Numerous businesses are using green and sustainability claims on their products, which are carefully examined by the Hungarian Competition Authority ("GVH"). In October 2022, the GVH announced the launch of an investigation against a company providing cup replacement and washing services. The GVH alleges that the company's green claims are unfounded, and the company cannot justify the validity of its green claims.

Green claims

As highlighted in our previous article, following the GVH's assessment on marketing and commercial practises related to 'green' and 'eco-friendly' claims, the GVH issued a set of guidelines with useful prompts, examples and explanations businesses should consider in order to comply with Hungarian law regarding green claims.

The GVH's green claims guideline (available in Hungarian) serves as a signpost on how the GVH assesses green, environmental and sustainability claims.

The promotion of sustainability

The GVH's proactivity in guiding market players and consumers on innovative solutions is also evident when it comes to sustainability.

The GVH emphasised the importance of sustainable product path in an accelerated sector inquiry report on the market of thermal insulation materials, and declared that an increased attention to the use of subsidies regarding solar energy and sustainable energy production is needed.

The GVH also participated in the joint investigation organised by the European Commission and the Consumer Protection Cooperation Network (CPC) regarding green claims made in websites. Additionally, in 2021, the GVH conducted the first research to assess the global interactions between sustainability and competition law. The research is based on a survey among ICN members and NGAs on their experience concerning the above topic.

The recent investigation

The GVH has launched an investigation examining the commercial practices and green claims of Cup Revolution, a company providing cup replacement services at concerts, festivals, sport events, bars. At these venues, consumers can only buy drinks in "returnable" plastic glasses for a fixed fee but upon returning these glasses – instead of a refund – consumers get tokens which may be used at another venue involving Cup Revolution.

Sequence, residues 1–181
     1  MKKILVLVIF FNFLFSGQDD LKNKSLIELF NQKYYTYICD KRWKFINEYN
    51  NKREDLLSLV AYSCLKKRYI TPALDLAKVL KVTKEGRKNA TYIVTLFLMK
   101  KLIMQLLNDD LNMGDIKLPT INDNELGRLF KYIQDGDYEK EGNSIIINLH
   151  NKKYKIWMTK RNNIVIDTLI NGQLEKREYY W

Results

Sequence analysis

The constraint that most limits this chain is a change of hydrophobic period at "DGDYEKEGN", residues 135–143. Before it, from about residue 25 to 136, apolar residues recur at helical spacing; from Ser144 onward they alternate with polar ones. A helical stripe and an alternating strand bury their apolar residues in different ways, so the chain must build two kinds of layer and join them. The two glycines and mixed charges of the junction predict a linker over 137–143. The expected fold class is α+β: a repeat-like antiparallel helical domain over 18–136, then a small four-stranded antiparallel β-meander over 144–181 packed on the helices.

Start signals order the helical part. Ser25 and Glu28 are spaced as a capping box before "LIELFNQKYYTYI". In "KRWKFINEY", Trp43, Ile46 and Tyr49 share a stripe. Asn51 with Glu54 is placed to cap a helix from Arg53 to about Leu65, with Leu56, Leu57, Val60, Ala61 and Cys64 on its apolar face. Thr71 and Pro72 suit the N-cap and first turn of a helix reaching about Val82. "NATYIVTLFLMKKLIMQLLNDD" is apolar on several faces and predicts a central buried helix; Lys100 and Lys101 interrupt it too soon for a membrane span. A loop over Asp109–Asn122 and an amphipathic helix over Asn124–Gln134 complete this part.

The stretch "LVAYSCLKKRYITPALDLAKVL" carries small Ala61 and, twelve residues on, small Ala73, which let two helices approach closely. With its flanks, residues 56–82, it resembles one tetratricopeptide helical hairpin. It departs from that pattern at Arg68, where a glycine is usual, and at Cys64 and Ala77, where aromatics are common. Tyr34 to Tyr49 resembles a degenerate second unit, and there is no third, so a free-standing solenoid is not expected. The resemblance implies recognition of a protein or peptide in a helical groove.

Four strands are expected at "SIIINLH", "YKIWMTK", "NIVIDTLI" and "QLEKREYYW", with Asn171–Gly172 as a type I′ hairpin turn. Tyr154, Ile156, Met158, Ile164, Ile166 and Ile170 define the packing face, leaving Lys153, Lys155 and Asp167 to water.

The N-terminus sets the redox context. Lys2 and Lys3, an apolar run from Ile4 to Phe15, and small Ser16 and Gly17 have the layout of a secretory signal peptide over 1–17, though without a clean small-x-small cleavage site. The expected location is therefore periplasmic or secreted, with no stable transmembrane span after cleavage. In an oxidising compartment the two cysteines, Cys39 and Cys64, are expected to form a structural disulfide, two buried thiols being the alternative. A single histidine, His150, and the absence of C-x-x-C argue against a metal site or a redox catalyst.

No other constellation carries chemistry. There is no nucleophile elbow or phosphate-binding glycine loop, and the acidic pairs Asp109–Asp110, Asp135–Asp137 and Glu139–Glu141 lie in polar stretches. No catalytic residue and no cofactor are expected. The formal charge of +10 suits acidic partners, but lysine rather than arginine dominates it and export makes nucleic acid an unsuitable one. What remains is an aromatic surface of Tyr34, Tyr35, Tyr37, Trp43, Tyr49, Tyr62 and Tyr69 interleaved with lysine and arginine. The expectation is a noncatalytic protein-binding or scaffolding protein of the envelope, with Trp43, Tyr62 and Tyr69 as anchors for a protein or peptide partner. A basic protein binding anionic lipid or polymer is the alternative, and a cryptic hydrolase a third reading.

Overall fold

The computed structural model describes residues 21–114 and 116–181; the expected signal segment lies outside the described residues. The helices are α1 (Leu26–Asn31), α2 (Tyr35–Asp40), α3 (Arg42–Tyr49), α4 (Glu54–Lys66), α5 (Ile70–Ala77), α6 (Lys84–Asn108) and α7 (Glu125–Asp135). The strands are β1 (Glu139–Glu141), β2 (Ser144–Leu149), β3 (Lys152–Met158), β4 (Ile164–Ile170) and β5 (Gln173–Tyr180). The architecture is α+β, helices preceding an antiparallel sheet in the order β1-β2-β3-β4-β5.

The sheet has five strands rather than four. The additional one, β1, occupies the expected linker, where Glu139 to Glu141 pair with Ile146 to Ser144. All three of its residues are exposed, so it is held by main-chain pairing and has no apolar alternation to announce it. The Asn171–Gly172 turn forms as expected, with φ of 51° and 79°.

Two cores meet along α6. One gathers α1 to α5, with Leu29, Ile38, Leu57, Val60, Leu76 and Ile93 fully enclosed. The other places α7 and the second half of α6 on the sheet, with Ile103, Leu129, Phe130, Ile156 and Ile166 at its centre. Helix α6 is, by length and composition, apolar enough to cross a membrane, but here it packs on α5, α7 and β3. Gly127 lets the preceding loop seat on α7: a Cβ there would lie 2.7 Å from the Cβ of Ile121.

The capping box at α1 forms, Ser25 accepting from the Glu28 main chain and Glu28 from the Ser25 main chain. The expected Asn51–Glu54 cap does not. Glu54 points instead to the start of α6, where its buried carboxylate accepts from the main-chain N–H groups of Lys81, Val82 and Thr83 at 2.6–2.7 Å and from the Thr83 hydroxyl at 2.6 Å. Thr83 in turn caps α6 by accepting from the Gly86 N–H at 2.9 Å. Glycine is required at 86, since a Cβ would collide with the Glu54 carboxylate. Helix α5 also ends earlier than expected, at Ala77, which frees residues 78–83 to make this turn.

Besides potential distortion of consumer choice due to exploiting a position of power, the GVH alleges that the company's advertising claims are potentially unfounded. The company claimed that "the use of returnable and washable cups can reduce waste production by up to 80% at events and catering". The GVH also argues that the company does not have sufficient evidence to justify the environmental benefits of the returnable cups, thus the green claims of the business may classify as unfair commercial practice by being misleading.


Businesses should be prepared for increased scrutiny on green and sustainability claims by the GVH and place great emphasis on competition and consumer law compliance, where the GVH's green claims guideline and external advisors' guidance will come in handy.

The content of this article is intended to provide a general guide to the subject matter. Specialist advice should be sought about your specific circumstances.